Characteristics of the training. I only made Takashi’s Monday evening classes (mostly they train there in the morning). From what I saw, be ready for an enjoyable and energetic workout (i.e., would be easier if I worked on my fitness a little more), a high proportion of yudansha/black belt students, lots of experimenting, and normally the warm-up involves some weapon practice.

View Larger Map

Dojo Two: Massey University Gym. Contact Richard Halson 04 934-7733.

Finding the dojo. Travelling by bus I get off two or three stops before the end of Courtney Place, and start walking down Tory Place. Keep walking and you’ll cross Vivian St, then Arthur St. Once you get to the (student) residential areas, you’re close. It’s a large gym/recreation center on the right, entrances are on the side and around the back. It’s about 10 minutes walk from Courtney place, following Tory Street; no turns to worry about.

Characteristics of the training. Get there 5 minutes early to help setup the mats – it’s a good chance to chat and introduce yourself, and a bit of a warm-up too. There is normally a large proportion of enthusiastic kyu grades. There were a few differences from how I normally move and throw, making it very enjoyable training with people that move differently from how I expect.

Ricardo was also taking the Wednesday night classes at the Kent Tce dojo while I was there.

View Larger Map

Closing thoughts

The Kent Tce dojo is shared with a number of other martial arts groups. After watching classes taken by the Wellington Jujitsu club, I couldn’t resist doing a few classes with them. If you’re happy taking top ukemi they’ll look after you and the people I trained with were curious about Aikido’s strengths, particularly wrist locking. Thanks to Paul who chatted between the classes, taught the classes, and made sure I didn’t get broken 🙂

The Wellington Shinryukan clubs are always well represented at the national gasshukus/seminars, so I had already met a number of them and knew they were nice guys. I look forward to training with them again next March 2010 at the Auckland seminar, and whenever I end up back in Wellington.

Visit Aikido Shinryukan Wellington on the web.

James McNeill Christchurch

Spring Seminar – Yamashima Shihan – Christchurch – September 2009

Yamashima Shihan’s seminar started early on Friday morning for me. After missing Yamashima Shihan’s first class on the Thursday night, I was excited to get to the Friday morning class. The entire class consisted of just morote dori kokyo and I was surprised how quickly 7:30 rolled around. Yamashima Shihan’s focus on balance breaking and the heaviness of your hand during the technique was quite an eye-opener. And working on that one technique for a whole hour was fascinating.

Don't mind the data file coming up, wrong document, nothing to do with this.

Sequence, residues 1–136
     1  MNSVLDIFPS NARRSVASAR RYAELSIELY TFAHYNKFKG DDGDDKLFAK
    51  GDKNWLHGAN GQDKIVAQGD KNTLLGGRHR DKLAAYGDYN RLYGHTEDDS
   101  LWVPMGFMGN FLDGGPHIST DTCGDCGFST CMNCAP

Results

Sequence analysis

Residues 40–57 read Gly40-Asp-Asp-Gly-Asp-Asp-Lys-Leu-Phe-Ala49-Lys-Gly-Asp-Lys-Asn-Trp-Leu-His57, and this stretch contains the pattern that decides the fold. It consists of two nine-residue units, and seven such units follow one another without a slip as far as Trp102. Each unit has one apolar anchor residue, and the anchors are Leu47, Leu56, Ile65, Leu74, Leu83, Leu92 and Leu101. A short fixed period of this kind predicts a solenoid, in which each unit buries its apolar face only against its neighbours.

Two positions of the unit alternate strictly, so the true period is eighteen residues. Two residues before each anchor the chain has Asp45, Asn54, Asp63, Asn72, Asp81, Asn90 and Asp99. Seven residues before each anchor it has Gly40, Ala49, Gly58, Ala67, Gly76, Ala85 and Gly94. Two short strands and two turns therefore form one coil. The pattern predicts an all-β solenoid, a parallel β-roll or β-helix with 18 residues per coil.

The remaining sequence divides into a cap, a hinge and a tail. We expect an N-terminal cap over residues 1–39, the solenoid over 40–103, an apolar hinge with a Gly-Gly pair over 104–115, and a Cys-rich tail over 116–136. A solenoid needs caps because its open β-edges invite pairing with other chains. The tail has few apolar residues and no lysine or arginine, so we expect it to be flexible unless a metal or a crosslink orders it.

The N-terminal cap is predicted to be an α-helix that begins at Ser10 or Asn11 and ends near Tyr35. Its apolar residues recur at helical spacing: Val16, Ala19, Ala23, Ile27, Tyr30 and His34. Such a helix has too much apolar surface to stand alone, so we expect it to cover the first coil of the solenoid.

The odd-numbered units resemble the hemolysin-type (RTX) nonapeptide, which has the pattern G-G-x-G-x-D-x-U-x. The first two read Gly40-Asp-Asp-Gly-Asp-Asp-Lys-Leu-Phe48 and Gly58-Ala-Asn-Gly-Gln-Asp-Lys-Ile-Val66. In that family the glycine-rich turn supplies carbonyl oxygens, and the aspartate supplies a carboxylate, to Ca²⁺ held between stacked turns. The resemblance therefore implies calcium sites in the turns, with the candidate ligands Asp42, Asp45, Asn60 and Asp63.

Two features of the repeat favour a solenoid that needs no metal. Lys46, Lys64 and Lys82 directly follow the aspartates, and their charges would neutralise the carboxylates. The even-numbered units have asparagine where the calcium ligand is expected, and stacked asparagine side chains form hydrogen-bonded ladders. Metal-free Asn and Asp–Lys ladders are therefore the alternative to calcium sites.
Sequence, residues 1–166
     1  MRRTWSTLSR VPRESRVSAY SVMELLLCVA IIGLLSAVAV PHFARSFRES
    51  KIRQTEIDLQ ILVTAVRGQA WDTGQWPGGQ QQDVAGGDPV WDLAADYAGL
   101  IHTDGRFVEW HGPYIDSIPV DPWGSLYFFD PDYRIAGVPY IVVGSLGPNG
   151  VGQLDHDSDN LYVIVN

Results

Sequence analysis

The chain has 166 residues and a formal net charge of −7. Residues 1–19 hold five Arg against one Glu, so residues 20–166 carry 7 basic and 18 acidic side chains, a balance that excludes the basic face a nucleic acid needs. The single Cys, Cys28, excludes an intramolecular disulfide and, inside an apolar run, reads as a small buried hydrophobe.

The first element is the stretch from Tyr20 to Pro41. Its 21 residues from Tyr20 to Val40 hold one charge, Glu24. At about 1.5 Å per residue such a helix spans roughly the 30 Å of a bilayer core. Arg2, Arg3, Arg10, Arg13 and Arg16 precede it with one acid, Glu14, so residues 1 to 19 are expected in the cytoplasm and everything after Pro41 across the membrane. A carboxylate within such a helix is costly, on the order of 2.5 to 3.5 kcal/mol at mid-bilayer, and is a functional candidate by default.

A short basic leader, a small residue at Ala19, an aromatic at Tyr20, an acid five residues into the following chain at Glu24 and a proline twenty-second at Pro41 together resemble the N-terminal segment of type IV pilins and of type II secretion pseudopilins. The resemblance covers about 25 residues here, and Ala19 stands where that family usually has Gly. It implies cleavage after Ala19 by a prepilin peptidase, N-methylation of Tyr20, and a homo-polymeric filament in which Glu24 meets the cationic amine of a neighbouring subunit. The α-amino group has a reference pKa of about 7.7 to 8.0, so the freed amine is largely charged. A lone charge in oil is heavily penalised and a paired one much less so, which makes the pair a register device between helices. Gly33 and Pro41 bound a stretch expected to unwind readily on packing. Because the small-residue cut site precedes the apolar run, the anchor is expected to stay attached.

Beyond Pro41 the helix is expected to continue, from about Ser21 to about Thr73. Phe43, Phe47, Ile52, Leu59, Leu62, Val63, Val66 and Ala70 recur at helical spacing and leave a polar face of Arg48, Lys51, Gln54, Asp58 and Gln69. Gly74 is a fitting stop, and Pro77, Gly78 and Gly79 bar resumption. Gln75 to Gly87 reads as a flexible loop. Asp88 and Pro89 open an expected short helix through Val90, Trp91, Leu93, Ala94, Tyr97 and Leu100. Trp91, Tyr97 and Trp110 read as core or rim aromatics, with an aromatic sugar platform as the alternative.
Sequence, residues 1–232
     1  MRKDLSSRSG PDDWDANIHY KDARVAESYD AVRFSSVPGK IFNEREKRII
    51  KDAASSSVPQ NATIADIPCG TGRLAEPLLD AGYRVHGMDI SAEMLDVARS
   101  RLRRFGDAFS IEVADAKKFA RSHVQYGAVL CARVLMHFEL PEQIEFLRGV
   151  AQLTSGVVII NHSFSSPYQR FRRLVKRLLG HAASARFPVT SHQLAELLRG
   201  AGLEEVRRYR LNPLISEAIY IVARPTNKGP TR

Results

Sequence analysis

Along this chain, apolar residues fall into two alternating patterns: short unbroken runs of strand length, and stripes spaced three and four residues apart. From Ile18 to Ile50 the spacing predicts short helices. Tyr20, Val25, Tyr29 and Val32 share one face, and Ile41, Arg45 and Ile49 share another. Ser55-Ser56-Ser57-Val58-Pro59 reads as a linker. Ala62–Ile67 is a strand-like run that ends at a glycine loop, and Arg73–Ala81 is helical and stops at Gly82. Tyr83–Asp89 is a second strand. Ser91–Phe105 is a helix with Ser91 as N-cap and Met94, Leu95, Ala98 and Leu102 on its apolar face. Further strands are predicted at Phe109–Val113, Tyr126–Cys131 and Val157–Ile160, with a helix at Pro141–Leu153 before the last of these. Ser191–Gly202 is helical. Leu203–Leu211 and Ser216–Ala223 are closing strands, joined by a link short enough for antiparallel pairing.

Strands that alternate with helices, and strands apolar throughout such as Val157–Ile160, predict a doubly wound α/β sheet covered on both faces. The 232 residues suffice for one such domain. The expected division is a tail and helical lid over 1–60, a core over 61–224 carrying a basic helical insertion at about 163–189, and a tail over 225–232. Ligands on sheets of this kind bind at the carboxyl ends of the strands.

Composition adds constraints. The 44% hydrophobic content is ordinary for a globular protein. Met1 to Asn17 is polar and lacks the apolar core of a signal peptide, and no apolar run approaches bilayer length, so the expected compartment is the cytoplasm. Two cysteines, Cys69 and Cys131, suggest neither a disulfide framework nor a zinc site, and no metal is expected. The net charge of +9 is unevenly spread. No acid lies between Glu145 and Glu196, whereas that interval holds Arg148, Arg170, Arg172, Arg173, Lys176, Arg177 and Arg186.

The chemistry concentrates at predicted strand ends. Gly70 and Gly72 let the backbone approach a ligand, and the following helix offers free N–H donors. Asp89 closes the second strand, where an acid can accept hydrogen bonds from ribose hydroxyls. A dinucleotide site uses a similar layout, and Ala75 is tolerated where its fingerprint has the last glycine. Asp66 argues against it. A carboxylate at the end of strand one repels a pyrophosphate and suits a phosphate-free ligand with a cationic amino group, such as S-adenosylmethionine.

The seminar proper started on Saturday morning at St Bede’s College. The temporary mats where hard, and rough. And friction burns were to be experienced by many by the end. We had visitors from all over the country – from Auckland, Wellington and Dunedin and some from Australia as well. Aaron, Jun, and Akito did an excellent job translating Yamashima Shihan’s words, and though the concepts seemed straightforward, applying them to my techniques was as often frustrating as fun.

On Saturday Yamashima Shihan took us through katate dori waza, starting with kokyo, and moving though shiho nage, ikkyo and irimi nage. All the while focusing on balance breaking and moving our hips. The Sunday session explored morote dori waza, again working on kokyo and then through other techniques. By Sunday afternoon, Yamashima Shihan started exploring other techniques, and encouraged us to look for the same movements that we’d been practicing all weekend.

Yamashima Shihan expressed many ideas over the weekend, and I am looking forward to seeing what other people have picked up on, and are incorporating into their style. The main idea I took from the seminar is that of gentleness. When attacking Yamashima Shihan, he hardly seems to be there. You strike at him, he joins with you without clashing, and then your balance has been taken and you don’t know how he did it. This is just one aspect of Yamashima Shihan’s style that I would like to join to my technique.

It was an excellent seminar, and I believe all who attended enjoyed it immensely. It was great to see such a wide range of grades present, and all the different dojos represented. Thanks to Yamashima Shihan for teaching us all, and thanks to Andrew and others for organising it.

Ben Schmidt Christchurch

Egos on the Mat

e·go / Pronunciation "ee-goh"

The “I” or self of any person; a person as thinking, feeling, and willing, and distinguishing itself from the selves of others and from objects of its thought.
I think I’m better than you!

Hi again folks, me again with another tale…